- Posted by J. Nirdosh Reddy
- On October 25, 2016
- Management Ideas
We get used to things, ideas, and practices. We are creatures of habit. Once in a while we need to reflect on our practices and see whether we are keeping up with the changing times.
In this article, I would like to talk about the costs and consequences of inter-departmental battles that exist in some enterprises. Since we get used to them, we take them for granted. But, these battles don’t need to exist in the 21st century.
A typical work day?
We go to work. We do what we are told. We attend meetings – either to present what we are doing or listen to what others are saying. Sometimes, we are questioned on what we are doing – things that are interesting and exciting to us, but others don’t see any benefit, and why we are not doing what others want – things others need, but not on our approved list of things to do.
So, the fight starts. They say they need such and such done by us (it is implied that they need this support in order for them to meet their objectives which is never stated openly). We contend that doing such and such additional tasks costs money which is not in the budget (implying that blowing our budget leads to adverse performance appraisal, as is well known in the enterprise). Good managers are expected to be responsible individuals and control their costs.
Obviously they are not happy with our response and complain in meetings that we are not cooperative, not team players, hard to work with etc. and make hell for us. In turn, we make sure people understand that these guys never plan ahead, that fire-fighting on their part is not a crisis on our part, and that they should have allocated for such expenditures in the budgets. The fact that these guys did not know about these ideas when the budgets were prepared several months ago does not enter the discussion.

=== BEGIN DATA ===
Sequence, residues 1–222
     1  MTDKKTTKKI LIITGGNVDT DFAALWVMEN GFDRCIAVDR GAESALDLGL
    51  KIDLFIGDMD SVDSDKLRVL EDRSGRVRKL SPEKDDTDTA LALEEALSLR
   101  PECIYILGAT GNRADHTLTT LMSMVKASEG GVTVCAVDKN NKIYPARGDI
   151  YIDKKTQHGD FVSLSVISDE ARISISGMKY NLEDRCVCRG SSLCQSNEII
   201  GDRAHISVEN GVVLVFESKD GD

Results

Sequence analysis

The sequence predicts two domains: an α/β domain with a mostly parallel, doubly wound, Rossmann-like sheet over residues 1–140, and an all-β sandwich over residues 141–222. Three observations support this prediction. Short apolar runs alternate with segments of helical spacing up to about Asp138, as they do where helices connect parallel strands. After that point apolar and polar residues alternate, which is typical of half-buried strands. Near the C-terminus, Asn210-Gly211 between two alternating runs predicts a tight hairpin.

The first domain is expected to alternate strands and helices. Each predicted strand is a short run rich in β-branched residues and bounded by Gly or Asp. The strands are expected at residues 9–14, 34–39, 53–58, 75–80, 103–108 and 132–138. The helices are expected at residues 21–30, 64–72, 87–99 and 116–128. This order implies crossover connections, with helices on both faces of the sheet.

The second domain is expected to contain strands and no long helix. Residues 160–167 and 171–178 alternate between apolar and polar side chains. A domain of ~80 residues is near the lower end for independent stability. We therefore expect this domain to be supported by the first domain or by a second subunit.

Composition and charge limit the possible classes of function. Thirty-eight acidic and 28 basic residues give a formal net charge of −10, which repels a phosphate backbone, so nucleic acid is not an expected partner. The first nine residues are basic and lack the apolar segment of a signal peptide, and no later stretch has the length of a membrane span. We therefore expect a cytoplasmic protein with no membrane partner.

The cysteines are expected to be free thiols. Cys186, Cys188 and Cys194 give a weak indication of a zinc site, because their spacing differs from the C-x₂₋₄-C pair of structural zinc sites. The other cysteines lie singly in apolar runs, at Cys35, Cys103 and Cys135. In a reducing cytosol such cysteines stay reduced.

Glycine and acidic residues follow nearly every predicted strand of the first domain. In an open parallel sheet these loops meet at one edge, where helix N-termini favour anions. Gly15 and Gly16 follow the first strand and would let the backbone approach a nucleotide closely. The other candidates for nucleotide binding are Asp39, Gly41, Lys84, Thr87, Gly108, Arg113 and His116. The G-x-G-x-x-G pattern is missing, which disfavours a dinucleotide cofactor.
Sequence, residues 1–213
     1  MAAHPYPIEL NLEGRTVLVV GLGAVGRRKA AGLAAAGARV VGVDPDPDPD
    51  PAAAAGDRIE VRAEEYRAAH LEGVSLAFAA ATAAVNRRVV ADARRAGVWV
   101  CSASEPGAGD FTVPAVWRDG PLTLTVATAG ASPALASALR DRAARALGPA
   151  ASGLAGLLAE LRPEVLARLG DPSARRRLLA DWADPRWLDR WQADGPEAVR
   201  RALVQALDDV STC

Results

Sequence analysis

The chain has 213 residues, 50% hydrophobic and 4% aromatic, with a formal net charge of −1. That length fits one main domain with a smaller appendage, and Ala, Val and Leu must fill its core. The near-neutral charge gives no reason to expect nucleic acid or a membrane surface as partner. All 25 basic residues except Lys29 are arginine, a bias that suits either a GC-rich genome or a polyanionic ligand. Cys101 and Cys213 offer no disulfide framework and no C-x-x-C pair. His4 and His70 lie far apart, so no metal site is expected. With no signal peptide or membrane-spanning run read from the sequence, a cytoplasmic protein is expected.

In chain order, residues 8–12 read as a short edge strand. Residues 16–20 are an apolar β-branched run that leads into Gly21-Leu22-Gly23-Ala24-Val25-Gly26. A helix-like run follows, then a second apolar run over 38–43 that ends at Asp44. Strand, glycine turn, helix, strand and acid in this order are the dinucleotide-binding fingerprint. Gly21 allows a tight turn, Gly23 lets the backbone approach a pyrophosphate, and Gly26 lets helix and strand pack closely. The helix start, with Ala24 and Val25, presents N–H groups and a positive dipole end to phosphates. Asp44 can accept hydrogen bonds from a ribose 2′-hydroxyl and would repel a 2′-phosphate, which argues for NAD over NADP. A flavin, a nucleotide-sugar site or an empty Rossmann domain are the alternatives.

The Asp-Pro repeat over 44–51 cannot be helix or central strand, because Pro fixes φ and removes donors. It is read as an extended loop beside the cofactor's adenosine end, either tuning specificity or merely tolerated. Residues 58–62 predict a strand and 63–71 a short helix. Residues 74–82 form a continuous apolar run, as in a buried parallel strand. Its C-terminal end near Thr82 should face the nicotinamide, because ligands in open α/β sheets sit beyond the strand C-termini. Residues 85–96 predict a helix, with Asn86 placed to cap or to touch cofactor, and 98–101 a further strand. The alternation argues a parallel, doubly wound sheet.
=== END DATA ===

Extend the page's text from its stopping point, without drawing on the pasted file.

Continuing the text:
Over time, they resign themselves to the fact that this is the way things are done and keep doing what they can do by themselves, abandoning all ideas that can make a contribution to the company but requires collaboration from other departments.
Does this situation sound familiar? If so, let’s reflect as to why people behave this way.
People are conditioned by their past experiences. They do what is deemed (perceived) to be good for their boss and their department (and hence for themselves). Departmental objectives (and hence self-interest) win over what may be good for the enterprise. Thinking about other departments at a cost to one’s self is a rarity.
So, what are the costs and consequences of inter-departmental conflicts?
- Ideas that can improve the profitability but require collaboration get pushed into the background
- Human potential is underutilized
- Employees lose, the enterprises lose, and the customers lose
Adopt process thinking
You can transform your enterprise’s work culture by adopting process-based thinking and business process management (BPM) practices. The belief system of conventional management has been that people produce output, therefore, we need to manage people; put people in hierarchical silos; and give them specific objectives. The emerging belief system is that the processes that are being used in the enterprise produce the outputs. Therefore, we need to improve upon the existing processes in order to get better results. Therefore, establish objectives based on improving those processes that are under-performing. The processes invariably involve people from different departments. This automatically leads to cross-functional team work because it is in their self-interest.
Many enterprises have adopted the emerging style of management and have successfully recognized the underutilized human potential to improve bottom-line, customer satisfaction and create a more enjoyable work culture.
The inter-departmental battles become a thing of the past!
Enjoy the journey of transformation and good luck!
Please let me know your thoughts.
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